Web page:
Connolly Gibbons MB., Kurtz JE., Thompson D, Mack RA,. Lee J., Rothbard A., Eisen SV., Gallop R, & Crits-Christoph, P. (2015). The effectiveness of clinician feedback versus usual care in the treatment of depression in the community mental health system. Journal of Consulting and Clinical Psychology.in press

Wu ES, Rothbard AB, Holtgrave D, Blank MB. (2014) Determining the Cost Savings threshold for HIV Adherence Intervention Studies for Persons with SMI and HIV. CMHJ DOI: 10.1007/s10597-014-9788-6 COMH-D-14-00131.1

Rothbard AB, Kuno E, Noll E, Hurford MO, Holtzer C, Hadley TR. (2013). Implementing an E-Prescribing system in Outpatient Mental Health Programs. Admin and Policy in MH.2013 May; 40(3).

Schinnar AP,  Kamis-Gould E, Markson, LE,  Rothbard, AB, Ramachandran N. (1993).  Organizational Determinants of Performance of Outpatient Mental Health Programs. Socio-Economic Planning Sciences, 27,209-217.

Racial Disparities

As part of examining mental health services as they relate to innovative program interventions and policy changes, it has been evident that racial disparities are prevalent in all forms of health care. Many of my studies have identified racial differences in mental health (MH) penetration rates, intensity of care, quality of care and geographic patterns of care for people enrolled in a large Medicaid (MA) program have provided clear evidence of significant differences despite insurance parity and similar benefits.  Rates of outpatient MH services have consistently been found to be significantly lower in African Americans compared to other racial groups, except Asians. They are also found to have the lowest rates of intensity or engagement in outpatient therapy when compared to other racial groups and less likely to receive a combination of therapy plus medication for depression. A ten year trend analysis of the MA population through 2013 showed that rates of use have increased for all groups but the differential has not decreased. Agencies providing services to the MA population in higher income, White areas were found to have higher quality of care indicators  than those  in  low income,  African American areas;  i.e., higher percentage of patients on atypical antipsychotic prescriptions (47% vs. 33%) and higher percentage using intensive  case  management (ICM)  Finally, a geographic (GIS) analysis showed that White clients were much more likely to select a program with a higher percentage of similar clients, even when they had to travel longer distances. This suggests that racial concordance may play a role in selection of a mental health facility. All of these studies indicate a complex combination of client and provider factors that result in less and poorer treatment for African Americans. See publications below.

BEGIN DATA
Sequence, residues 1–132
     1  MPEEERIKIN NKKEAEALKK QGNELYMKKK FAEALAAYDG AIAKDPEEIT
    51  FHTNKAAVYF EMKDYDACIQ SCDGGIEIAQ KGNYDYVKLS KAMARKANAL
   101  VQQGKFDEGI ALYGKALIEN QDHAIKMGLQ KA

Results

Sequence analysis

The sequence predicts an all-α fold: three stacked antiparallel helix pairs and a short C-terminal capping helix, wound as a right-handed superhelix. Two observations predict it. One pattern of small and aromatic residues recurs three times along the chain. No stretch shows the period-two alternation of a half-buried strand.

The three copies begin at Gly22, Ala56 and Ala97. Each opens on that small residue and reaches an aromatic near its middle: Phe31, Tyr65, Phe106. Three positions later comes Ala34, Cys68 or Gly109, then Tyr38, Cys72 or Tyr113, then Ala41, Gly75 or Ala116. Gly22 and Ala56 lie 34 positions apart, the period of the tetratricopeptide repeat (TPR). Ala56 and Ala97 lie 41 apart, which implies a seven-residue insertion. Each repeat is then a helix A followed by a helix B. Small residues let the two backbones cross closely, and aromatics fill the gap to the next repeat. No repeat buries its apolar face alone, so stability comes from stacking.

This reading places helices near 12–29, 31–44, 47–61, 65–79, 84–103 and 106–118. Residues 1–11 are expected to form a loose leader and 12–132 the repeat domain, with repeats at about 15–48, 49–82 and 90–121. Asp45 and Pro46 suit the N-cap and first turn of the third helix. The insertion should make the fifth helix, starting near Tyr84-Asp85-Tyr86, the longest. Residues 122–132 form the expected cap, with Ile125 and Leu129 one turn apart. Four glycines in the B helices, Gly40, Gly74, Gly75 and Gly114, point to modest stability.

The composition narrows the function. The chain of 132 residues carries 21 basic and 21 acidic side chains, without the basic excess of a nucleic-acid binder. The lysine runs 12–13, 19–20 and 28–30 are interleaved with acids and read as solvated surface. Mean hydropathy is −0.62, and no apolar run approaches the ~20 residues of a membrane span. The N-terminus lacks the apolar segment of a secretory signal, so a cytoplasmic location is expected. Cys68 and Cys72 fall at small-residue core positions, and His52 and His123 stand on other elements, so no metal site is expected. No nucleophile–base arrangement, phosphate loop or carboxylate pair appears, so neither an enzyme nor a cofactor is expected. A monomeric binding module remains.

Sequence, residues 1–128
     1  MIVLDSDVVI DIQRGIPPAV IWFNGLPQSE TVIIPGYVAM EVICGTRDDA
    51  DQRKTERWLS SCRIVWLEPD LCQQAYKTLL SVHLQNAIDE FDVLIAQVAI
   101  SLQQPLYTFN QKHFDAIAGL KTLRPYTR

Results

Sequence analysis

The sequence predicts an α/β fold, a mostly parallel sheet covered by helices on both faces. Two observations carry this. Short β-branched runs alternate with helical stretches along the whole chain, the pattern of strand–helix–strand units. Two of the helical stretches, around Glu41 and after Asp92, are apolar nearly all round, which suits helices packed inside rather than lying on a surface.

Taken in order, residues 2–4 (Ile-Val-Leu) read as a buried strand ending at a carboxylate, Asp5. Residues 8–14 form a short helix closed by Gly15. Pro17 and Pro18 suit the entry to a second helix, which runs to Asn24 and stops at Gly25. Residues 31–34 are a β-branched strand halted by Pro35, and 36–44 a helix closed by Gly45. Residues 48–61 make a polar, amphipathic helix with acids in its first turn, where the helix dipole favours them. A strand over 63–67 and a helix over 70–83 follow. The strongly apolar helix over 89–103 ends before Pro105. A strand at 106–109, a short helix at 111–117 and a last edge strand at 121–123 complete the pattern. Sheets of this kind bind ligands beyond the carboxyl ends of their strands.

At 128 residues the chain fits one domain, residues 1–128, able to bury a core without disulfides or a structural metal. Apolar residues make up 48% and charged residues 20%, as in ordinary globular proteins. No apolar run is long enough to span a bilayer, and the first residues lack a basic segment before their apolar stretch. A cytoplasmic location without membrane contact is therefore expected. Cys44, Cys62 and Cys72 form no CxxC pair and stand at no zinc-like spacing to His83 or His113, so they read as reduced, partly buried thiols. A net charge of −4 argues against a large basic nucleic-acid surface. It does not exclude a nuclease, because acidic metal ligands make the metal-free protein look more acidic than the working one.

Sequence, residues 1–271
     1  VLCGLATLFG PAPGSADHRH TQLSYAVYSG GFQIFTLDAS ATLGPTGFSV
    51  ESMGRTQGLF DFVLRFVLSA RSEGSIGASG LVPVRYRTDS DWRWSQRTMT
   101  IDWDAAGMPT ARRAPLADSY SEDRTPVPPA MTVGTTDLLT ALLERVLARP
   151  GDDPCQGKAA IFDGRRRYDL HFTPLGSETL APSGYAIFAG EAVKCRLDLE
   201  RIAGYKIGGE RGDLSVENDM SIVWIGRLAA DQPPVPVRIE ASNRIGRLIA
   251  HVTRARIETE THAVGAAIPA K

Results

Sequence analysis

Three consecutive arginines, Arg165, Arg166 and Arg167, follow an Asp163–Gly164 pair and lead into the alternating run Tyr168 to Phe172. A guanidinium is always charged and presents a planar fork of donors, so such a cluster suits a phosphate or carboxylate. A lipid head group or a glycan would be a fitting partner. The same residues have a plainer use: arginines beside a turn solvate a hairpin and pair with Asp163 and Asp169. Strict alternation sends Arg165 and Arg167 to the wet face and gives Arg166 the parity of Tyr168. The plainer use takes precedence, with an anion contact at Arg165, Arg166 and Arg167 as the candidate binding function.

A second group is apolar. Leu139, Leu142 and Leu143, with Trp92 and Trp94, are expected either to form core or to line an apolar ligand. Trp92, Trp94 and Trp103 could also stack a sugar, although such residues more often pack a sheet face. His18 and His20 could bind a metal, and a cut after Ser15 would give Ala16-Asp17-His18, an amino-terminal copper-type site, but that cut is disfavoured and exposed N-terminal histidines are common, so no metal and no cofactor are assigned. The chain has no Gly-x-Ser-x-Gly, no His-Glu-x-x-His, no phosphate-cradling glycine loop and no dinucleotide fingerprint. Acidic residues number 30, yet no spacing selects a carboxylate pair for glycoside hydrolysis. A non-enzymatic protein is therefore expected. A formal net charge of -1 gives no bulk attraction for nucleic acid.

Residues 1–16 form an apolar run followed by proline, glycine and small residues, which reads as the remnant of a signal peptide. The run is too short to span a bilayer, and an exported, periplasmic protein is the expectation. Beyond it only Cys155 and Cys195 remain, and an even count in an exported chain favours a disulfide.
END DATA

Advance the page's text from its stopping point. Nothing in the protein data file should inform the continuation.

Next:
Botcher K, Rothbard A, Lim S, Hadley T. 2014.Changes in Racial Disparities in Behavioral Health Penetration Rates in Philadelphia, 2003, 2008 and 2013. Evaluation Highlights Philadelphia Department of Behavioral Health.

Gibbons, MB, Rothbard AB, Farris K, Stirman SW, Thompson SM, Scott K, Heintz E, Gallop R, Crits Christophe P. (2011).  Changes in Psychotherapy Utilization among Consumers of Services for Major Depressive Disorder in the Community Mental Health System. Admin Policy Ment Health.2011 Nov;38(6):495-503.

McFarland, B.H., Stroup, T.S., Rothbard, A.B. et al. (2004). Antipsychotic Medication Use by Medicaid Recipients: Are there Racial Variations. Drug Benefit Trends,16 (4), 204-224.

Cost Comparison and Cost Offset

studies related to implementation of new mental health programs and changes in organizational structure and management of mental health systems have been an important focus of my research. Policy people want to know if the new programs are cost effective.  These studies have involved the costs of discharging long term state hospital clients into the community, the effect of managed Behavioral Health care on cost reductions and more recently whether Patient Medical Homes, as defined by the ACA, can help reduce care costs through more integrated patient care strategies for those with co-morbid chronic physical and mental health disorders. Additionally, many of my studies have focused on the cost of care of patients with mental health and HIV; those in recovery oriented versus traditional partial hospital programs, and cost effectiveness of supplemental services for substance abuse clients. The cost studies have shown mixed results. Given that new programs are often more costly initially, outcomes have to be exceedingly robust, which is generally not the case. They also take time to ramp up which means they are not operating at full capacity which compromises cost efficiency. However, comparing the traditional programs with the newer ones at a later time period is practically difficult as older programs are phased out. Costs are often skewed, especially with small intervention program sizes, making it is hard to draw valid conclusions. Better methodologies and study designs need to be developed in this important area of comparative cost analysis.